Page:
11 of 11 people found the following review helpful
Brilliant Deck, Flawed Guide Book,
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This review is from: The Law of Attraction Tarot (Paperback)
The images in this deck provide a gorgeous and fresh take on the tarot. I particularly love the blending of modern and traditional/mythological imagery. For example, the Emperor is portrayed as a gentleman wearing a suit and the Hanged Man is shown as an urban tight rope walker, while the Chariot looks like Perseus's winged horses and the Devil is a pretty standard Baphoment figure resting on top of a pile of skulls. The court cards of the minor arcana are loaded with personality. Every once in a while artist Simone Gabrielli hits a magically inspired note, such as portraying the ace of cups as an overflowing cornucopia, and the two of cups as a cosmic yin yang symbol. The artwork is beautiful, although the cards are a little bit small for my liking and the vividness of the colors could be a bit brighter in the printed form. It should be stressed that the minor arcana stray far from Rider-Waite traditionalism.
Mariana Roveda's guide book is not as strong as the deck itself. There is some excellent information on the law of attraction in the introduction, particularly the 8 guidelines to properly formatting a wish (write it down, make sure it is expressed in quantifiable terms, make sure it is something you can be responsible for, etc) and there are some usable spreads in the back of the book. The entries explaining the cards, however, are unsophisticated and potentially misleading. The tone reminds me of a newspaper horoscope. For example, the explanation for the seven of cups begins, "You are probably a hedonist without complexes, and thus refuse the appeals of society." Anyone with a bit of Tarot experience knows that such an specific and simplistic interpretation is impossible, especially without more information, such as a card's position in a spread or even what the querent's question was! In her explanations, Roveda also neglects some fairly standard information about each card, such as the fact that the six of cups usually indicates feelings of nostalgia, the five of wands often represents energy but competition, and the aforementioned seven of cups can indicate flights of fancy or many conflicting possibilities.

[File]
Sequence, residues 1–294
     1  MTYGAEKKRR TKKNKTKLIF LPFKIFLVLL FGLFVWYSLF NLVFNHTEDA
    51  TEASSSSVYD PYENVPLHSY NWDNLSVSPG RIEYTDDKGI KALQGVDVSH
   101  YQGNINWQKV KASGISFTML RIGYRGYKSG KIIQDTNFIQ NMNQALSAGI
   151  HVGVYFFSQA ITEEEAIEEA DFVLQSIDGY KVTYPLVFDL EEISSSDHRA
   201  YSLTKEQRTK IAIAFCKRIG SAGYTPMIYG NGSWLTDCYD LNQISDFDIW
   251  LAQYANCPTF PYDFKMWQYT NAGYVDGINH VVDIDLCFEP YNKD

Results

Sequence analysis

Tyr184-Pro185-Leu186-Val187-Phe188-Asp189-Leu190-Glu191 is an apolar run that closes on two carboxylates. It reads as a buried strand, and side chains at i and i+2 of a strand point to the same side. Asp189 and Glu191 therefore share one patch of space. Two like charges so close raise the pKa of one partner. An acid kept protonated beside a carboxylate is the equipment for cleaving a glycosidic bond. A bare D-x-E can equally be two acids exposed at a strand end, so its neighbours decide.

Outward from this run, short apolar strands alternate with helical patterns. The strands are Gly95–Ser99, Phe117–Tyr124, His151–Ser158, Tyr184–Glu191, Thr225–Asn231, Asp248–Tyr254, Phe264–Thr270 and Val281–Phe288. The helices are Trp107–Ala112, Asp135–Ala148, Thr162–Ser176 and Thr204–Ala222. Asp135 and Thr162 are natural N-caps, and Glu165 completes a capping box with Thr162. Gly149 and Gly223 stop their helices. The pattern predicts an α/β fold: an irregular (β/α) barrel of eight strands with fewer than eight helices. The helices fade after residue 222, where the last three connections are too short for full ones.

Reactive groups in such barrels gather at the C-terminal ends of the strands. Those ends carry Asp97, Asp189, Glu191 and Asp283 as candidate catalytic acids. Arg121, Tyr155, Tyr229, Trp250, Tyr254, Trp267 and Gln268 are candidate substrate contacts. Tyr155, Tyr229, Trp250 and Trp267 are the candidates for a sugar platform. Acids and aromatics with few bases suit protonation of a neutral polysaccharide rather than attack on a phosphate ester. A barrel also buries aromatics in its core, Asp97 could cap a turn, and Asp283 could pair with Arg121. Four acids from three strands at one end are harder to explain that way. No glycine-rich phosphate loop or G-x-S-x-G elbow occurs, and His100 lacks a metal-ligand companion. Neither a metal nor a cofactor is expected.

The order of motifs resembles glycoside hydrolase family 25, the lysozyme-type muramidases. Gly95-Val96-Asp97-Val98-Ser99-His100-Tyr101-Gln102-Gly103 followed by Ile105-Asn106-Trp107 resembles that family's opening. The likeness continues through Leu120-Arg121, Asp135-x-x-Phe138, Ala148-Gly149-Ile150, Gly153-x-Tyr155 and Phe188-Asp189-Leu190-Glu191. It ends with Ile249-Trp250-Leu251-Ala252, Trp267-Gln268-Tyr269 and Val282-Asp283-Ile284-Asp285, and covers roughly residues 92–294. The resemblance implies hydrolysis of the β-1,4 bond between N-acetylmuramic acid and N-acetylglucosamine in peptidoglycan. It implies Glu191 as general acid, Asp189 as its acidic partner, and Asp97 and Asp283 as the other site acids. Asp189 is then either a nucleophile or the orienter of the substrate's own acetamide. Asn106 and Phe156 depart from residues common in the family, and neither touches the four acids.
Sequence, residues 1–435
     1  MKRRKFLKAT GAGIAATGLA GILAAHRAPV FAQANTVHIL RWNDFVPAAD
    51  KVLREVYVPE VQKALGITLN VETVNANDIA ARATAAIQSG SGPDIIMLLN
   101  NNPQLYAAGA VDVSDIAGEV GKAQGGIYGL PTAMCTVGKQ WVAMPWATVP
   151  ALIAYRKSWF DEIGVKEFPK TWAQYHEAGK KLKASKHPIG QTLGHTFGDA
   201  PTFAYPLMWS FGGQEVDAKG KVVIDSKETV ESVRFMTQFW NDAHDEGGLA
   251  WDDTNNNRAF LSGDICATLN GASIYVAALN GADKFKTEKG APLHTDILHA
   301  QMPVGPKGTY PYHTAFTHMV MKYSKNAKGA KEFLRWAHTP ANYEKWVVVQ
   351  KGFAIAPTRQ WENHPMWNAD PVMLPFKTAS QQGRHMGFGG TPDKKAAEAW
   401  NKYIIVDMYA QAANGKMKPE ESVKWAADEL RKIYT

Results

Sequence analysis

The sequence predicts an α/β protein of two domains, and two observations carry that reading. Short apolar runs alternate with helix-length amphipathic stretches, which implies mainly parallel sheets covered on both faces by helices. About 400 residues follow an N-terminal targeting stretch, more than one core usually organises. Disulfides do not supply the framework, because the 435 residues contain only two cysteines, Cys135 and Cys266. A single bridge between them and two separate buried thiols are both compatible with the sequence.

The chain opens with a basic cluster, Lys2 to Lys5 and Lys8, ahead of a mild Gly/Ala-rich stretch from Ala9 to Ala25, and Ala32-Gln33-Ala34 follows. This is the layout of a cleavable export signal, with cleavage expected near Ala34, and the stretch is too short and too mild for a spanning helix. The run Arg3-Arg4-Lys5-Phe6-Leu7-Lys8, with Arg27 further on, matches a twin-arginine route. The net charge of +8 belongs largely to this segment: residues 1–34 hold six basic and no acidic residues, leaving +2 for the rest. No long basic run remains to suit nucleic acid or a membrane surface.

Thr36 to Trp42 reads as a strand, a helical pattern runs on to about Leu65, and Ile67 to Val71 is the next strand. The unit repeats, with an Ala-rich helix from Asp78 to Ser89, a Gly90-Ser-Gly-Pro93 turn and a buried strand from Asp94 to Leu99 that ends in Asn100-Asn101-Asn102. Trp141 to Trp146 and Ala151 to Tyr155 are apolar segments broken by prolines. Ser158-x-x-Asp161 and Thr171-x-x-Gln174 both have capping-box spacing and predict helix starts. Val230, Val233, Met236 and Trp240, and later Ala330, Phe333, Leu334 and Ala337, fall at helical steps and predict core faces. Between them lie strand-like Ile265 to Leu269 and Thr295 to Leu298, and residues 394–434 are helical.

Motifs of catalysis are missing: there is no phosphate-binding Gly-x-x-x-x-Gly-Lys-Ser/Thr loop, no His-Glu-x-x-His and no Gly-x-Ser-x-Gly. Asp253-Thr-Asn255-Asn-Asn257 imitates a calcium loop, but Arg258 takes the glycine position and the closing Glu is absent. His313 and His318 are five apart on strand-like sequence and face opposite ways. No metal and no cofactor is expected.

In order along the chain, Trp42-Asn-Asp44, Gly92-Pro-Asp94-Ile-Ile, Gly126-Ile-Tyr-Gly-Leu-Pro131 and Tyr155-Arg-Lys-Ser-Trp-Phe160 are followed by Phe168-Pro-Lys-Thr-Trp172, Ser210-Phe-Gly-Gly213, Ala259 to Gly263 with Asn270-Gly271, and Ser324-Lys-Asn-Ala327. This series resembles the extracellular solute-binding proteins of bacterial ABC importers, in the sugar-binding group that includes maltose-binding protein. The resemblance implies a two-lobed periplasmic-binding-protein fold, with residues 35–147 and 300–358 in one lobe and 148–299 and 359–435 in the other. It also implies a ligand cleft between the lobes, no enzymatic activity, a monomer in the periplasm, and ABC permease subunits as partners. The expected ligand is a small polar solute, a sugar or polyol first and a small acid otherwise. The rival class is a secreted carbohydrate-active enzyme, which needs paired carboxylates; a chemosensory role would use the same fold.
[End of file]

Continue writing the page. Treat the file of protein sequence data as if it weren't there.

The Tarot is a deep and rich tradition. Each card is an archetype, and the process of becoming an effective tarot reader is a process of truly getting to know each card over a considerable period of time. I don't expect a small companion book such as Roveda's to be an full introduction to tarot reading, but it should at least contain a few notes on the nature of the cards and mature methods of interpretation. It should advise reader's against black and white interpretations rather than encourage them.
Overall, this is a wonderful deck for the intermediate or advanced Tarot reader to own. It will enrich and diversify your way of looking at many cards, and the framework of the law of attraction is a wonderful and coherent lens. Beginners should avoid this deck until they have truly worked through at least two or three more traditional decks. (In the tarot world, the Rider-Waite deck is the standard starting deck, and I would recommend that, or a deck closely based on it, such as Robin Wood to a beginner.)